QUAKE-PROOFING A HOUSE

Most houses and commercial structures that went up after 1980, when Japan's building code had its last major revision, are still standing. But more than 80,000 older buildings suffered serious damage. The government has promised tougher standards for new buildings, but the immediate challenge is how to improve existing structures. Says Charles Scawthorn, vice president of EQE International, a San Francisco firm that specializes in quake-resistant engineering: ``This is the real heart of the seismic-hazard problem.''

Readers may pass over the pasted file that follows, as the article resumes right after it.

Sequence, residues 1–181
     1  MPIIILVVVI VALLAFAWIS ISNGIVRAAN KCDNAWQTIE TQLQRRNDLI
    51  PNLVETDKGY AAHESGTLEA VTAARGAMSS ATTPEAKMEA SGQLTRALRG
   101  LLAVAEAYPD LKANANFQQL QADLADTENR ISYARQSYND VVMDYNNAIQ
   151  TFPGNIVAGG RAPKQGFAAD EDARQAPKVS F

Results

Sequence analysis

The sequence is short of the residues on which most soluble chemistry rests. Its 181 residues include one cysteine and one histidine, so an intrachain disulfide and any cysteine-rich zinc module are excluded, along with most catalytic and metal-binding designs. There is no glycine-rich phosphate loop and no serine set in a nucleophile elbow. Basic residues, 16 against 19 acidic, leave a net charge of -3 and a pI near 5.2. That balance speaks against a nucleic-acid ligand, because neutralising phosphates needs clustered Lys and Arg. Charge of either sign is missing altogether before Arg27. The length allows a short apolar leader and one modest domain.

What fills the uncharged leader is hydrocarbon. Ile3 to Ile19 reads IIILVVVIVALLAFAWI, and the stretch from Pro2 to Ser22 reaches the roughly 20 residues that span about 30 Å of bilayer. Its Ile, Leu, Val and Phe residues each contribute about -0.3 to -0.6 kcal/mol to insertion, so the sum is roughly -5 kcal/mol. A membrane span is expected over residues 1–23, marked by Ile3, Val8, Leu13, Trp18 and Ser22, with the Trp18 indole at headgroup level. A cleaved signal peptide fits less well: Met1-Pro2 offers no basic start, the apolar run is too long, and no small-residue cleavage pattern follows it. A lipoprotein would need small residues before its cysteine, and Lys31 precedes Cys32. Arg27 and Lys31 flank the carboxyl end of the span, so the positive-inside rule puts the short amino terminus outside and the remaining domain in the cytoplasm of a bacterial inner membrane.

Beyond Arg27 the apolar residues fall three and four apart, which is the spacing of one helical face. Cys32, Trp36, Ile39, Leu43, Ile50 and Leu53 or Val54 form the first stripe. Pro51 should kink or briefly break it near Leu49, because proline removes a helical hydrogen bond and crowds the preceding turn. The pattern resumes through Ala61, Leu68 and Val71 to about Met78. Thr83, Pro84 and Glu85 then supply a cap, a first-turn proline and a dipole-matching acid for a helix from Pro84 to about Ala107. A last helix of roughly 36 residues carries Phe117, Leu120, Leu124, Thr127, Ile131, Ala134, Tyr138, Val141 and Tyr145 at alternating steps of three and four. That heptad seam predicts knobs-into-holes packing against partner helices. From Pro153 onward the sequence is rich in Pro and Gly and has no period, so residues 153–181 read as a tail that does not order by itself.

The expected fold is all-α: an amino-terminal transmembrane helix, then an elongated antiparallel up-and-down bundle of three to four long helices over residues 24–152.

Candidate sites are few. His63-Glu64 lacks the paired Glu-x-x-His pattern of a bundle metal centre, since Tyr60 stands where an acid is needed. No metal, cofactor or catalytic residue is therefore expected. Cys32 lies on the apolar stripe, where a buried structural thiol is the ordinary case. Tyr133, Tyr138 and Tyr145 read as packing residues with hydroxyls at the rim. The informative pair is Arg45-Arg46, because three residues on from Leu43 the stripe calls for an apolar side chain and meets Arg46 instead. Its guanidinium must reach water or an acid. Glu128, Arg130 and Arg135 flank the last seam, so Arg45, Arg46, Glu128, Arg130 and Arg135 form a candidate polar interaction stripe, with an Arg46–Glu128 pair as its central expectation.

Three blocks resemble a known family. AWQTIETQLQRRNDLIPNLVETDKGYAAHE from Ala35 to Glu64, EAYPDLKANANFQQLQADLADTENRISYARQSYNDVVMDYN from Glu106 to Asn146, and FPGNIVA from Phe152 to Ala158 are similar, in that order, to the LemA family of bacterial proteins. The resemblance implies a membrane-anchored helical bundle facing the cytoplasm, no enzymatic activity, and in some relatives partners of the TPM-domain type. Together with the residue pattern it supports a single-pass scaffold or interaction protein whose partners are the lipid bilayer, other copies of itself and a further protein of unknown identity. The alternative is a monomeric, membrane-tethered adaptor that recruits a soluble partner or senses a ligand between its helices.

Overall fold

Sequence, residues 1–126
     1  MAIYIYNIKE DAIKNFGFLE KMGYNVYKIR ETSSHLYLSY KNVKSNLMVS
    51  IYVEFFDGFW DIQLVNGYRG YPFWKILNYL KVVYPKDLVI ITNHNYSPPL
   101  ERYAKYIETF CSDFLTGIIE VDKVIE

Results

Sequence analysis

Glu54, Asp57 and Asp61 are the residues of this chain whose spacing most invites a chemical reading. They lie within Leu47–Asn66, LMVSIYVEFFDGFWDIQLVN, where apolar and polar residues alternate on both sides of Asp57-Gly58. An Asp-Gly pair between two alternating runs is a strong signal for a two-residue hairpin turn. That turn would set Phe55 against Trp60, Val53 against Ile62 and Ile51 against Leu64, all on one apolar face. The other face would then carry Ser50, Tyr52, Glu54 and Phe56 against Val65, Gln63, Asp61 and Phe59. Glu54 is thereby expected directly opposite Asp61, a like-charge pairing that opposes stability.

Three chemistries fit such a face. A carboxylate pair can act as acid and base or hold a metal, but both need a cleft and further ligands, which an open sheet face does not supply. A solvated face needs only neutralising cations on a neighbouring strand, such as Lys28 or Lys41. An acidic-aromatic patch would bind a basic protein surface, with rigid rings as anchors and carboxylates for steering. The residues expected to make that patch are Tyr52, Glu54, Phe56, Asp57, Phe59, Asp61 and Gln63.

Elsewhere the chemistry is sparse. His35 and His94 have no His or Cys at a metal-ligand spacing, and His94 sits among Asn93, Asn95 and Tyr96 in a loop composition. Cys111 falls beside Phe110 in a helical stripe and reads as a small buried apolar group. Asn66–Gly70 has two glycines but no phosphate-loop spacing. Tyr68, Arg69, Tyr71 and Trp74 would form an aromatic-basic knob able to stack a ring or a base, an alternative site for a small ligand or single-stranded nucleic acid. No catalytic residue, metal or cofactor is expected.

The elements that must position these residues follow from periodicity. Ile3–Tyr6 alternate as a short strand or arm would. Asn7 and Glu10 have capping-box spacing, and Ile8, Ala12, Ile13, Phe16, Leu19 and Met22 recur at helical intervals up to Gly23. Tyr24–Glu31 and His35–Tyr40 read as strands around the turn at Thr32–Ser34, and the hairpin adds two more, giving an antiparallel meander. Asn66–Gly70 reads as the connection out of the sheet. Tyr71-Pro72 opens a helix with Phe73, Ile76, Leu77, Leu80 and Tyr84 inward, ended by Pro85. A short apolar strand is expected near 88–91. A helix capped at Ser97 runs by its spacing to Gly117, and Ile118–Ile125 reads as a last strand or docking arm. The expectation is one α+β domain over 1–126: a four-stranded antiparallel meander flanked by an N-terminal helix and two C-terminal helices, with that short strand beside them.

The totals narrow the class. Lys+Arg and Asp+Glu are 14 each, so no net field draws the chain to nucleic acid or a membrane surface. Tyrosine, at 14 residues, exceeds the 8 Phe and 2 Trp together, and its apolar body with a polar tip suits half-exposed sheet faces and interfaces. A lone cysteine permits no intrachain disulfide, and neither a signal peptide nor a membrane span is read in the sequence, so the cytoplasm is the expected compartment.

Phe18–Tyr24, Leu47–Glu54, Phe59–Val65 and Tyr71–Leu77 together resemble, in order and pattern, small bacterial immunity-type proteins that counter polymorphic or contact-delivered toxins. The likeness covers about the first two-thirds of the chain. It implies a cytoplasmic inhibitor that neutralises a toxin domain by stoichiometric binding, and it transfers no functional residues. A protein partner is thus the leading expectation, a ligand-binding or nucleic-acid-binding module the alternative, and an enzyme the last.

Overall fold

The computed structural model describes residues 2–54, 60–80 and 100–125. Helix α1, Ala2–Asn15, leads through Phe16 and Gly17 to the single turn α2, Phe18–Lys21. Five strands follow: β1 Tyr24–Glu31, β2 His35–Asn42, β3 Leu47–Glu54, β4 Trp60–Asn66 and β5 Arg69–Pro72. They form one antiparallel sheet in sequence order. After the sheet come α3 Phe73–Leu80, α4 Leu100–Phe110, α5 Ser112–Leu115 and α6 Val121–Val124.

Scawthorn happened to be in Osaka when the quake hit and spent the next several days surveying the damage in Kobe. What he saw...

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